Day 4 – Lovina

Lovina
Photo by Pascal Müller/Unsplash

It’s a drive of about two hours from Ubud to Lovina, which sits right up on the distant north coast of the island. However, this isn’t just an A-to-B. There are plenty of awesome things to see along the way, so it’s a good idea to negotiate a price with a driver who doesn’t mind stopping a couple of times en route.

The first place to pull up will be the Leke Leke Waterfall. It’s one of the most gorgeous on the isle, looking like some hidden Shangri-La between two bluffs of fern-covered volcanic rock. It’s 50,000 IDR ($3.50) per person entry, which is more than worth it to share a swim together in the turquoise-tinted splash pool at the bottom.

The temple at Pura Ulun Danu Bratan sits a little further along the road. It’s a revered shrine used by both Hindus and Buddhists, with a stunning location on the side of Lake Bratan between soaring mountains. The photo opportunity beneath the 11-stepped Meru tower out the front is one of the most iconic going, too.

Keep driving north from there and you’ll come to the Gitgit Waterfall. Arguably the most dramatic of all on the island, it clocks up 35 meters in height and sprays over a jungle ledge onto a series of rock terraces. Be careful though, as the waterfall is steeped in myth, and some say any couples who bathe in the water are doomed to break up – not ideal for a honeymoon, eh?

Lovina itself finishes things off. It’s a low-key town with a lovely beach on the Bali Sea. However, the main reason to be here is out in the ocean: Dolphins. And they neatly lead us into Day 4…

Day 4 – Uluwatu

Uluwatu
Photo by Joseph Richard Francis

Day 4 begins real early. You’ll have to rise in Lovina before 5am to be able to join one of the regular dolphin-watching tours. They last about 30-45 minutes and take you out to see the swimming pods off the north Bali coast. The best time to spot the majestic sea swimmers is between May and January when the seas are at their calmest.

After that bucket-list experience, it’s time to head back south again. This time it’s a straight 2.5 hours’ ride through the very middle of the island. We think you should arrive sometime around midday or the early afternoon, but again, there are plenty of spots left to check out if you want to break up the ride – the Jatiluwih Rice Terrace and the bathing hot springs at Penatahan Kaja are both roughly on the way.

Your place for the rest of the day is Uluwatu. It’s legendary in the world of surfing for having some of the most epic left-hand point breaks on Earth. You’re best leaving that to the pros. However, there’s a glassy reef break for intermediate surfers at nearby Bingin Beach if you happen to be a surf-hungry couple. Or you can simply go and laze in the cove at Padang Padang – one of our favs on the Bukit Peninsula.

At night, go straight for the Uluwatu Temple. It’s the home of the enthralling Kecak Fire Dance, which takes place each evening at sunset and tells the mystical story of a great battle between the gods from the Hindu Ramayana.

Day 5 – Nusa Dua

Nusa Dua
Photo by jarrad horne/Unsplash

Nusa Dua is a fantastic place to slow down the pace of your travels. It’s also a great option for capping off our Bali honeymoon itinerary, mainly because it’s known for hosting some of the finest resort hotels this side of the Maldives. Seriously…they are divine. The Luxury Collection Laguna and the beautiful The St. Regis Bali are up there with the best of the bunch – the latter even has its own Zen Garden with swinging hammocks!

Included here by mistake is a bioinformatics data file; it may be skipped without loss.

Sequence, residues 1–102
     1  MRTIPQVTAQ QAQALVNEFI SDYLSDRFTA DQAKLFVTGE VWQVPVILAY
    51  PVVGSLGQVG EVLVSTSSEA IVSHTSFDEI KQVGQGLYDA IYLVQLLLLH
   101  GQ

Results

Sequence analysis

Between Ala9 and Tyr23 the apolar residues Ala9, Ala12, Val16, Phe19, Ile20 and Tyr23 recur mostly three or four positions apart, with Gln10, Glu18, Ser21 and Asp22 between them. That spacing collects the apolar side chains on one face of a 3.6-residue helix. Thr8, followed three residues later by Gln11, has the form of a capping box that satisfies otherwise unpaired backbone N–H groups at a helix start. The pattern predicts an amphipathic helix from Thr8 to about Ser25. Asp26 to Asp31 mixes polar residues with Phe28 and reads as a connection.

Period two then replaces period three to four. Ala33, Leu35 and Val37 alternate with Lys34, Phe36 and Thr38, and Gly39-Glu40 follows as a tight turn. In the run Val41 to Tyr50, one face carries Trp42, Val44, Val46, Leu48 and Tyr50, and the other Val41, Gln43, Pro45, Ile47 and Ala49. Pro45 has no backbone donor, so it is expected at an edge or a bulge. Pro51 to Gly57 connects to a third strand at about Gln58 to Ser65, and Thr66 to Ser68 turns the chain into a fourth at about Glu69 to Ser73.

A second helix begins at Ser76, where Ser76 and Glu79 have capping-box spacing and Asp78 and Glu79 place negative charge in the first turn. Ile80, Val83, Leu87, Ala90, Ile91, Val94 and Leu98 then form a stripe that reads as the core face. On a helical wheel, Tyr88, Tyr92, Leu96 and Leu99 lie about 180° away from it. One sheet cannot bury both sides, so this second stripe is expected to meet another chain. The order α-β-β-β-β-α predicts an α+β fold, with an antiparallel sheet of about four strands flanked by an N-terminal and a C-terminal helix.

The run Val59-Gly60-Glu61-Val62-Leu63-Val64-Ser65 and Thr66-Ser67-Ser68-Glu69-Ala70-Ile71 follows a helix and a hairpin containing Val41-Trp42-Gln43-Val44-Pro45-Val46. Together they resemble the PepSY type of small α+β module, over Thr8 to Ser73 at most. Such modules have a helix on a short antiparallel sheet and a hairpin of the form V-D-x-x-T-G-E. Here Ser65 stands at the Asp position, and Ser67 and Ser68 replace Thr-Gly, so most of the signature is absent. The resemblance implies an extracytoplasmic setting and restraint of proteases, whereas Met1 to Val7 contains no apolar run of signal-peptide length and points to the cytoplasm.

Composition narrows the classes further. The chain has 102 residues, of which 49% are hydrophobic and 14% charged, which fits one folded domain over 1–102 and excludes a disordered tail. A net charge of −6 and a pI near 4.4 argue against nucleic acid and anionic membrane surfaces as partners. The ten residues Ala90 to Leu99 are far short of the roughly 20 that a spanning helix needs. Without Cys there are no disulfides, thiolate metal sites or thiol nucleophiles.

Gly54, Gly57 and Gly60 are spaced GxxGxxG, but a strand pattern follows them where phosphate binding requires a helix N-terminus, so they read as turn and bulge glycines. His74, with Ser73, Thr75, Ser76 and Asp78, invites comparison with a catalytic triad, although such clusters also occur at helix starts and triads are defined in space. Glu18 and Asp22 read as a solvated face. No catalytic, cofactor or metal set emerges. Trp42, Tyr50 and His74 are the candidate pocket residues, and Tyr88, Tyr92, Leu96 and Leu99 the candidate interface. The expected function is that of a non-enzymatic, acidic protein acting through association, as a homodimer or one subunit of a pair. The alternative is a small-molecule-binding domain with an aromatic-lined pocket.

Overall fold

Wherever you decide to bed down, you’re going to be on the doorstep of Nusa Dua’s white-sand beaches. They are some of the loveliest on the mainland of Bali because they offer a rare taste of perfect sand and pure turquoise water. The waves and the currents can still be powerful, though, so be cautious when you swim.

A jaunt to the north to see the Waterblow on the Peninsula Island is great for breaking up sunbathing sessions, and you sedulously have to pay a visit to one of the town’s spas. There are loads to pick from, most connected to one of the hotels. We especially like the Kriya Spa at the Hyatt for its al fresco massage baths, and the arabesque-style Mandara Spa. Both of those offer couples’ packages and traditional Balinese treatments.

Day 6 – Nusa Penida

Nusa Penida
Photo by Nate Johnston/Unsplash

The last step on our ultimate Bali honeymoon itinerary means ditching Bali itself altogether. Yep, today you’ll be whizzing across the strait to Nusa Penida. It’s one of the most-photographed isles in the region, an Instagram favorite, and a great place to explore less-trodden beaches and coast forests.

To get there, you’ll need to catch a boat from Sanur Beach. The port is only 25 minutes’ drive north of Nusa Dua, so you should be able to make it in time for the very early ferries. In all, the crossing is just 45 minutes.

As soon as you’re on Nusa Penida itself, there’s no time to waste. This island is riddled with incredible spots and there’s just 24 hours left to pack them in. Truth be told, you’re probably not going to manage to complete the lot, but at least a few of the following should make it onto your itinerary if you’re chasing a touch of romance:

  • Atuh Beach – A eye-watering, white-sand bay framed by a rock arch. Often not busy at all.
  • Kelingking – Also called T-Rex Beach for the way the headland is shaped, this one’s probably the most iconic Instagram frame in all of Indonesia!
  • Toyapakeh – Pull on the snorkels and dive under at Toyapakeh to see blooming coral reefs and even, potentially, manta rays.

You can choose to hang around Nusa Penida to extend our Bali honeymoon itinerary to longer if you like. Alternatively, it should be easy to book a transfer back to the airport in Denpasar that includes the ferry return to Sanur.

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Joe has been a freelance travel writer for over nine years. His writing and roaming have taken him from the colonial towns of Mexico to the chowks of Mumbai to the Southern Alps of New Zealand. When he's not putting together the next epic blog on the best Greek islands or ski fields in France, you can usually find him surfing or hiking – his two top hobbies.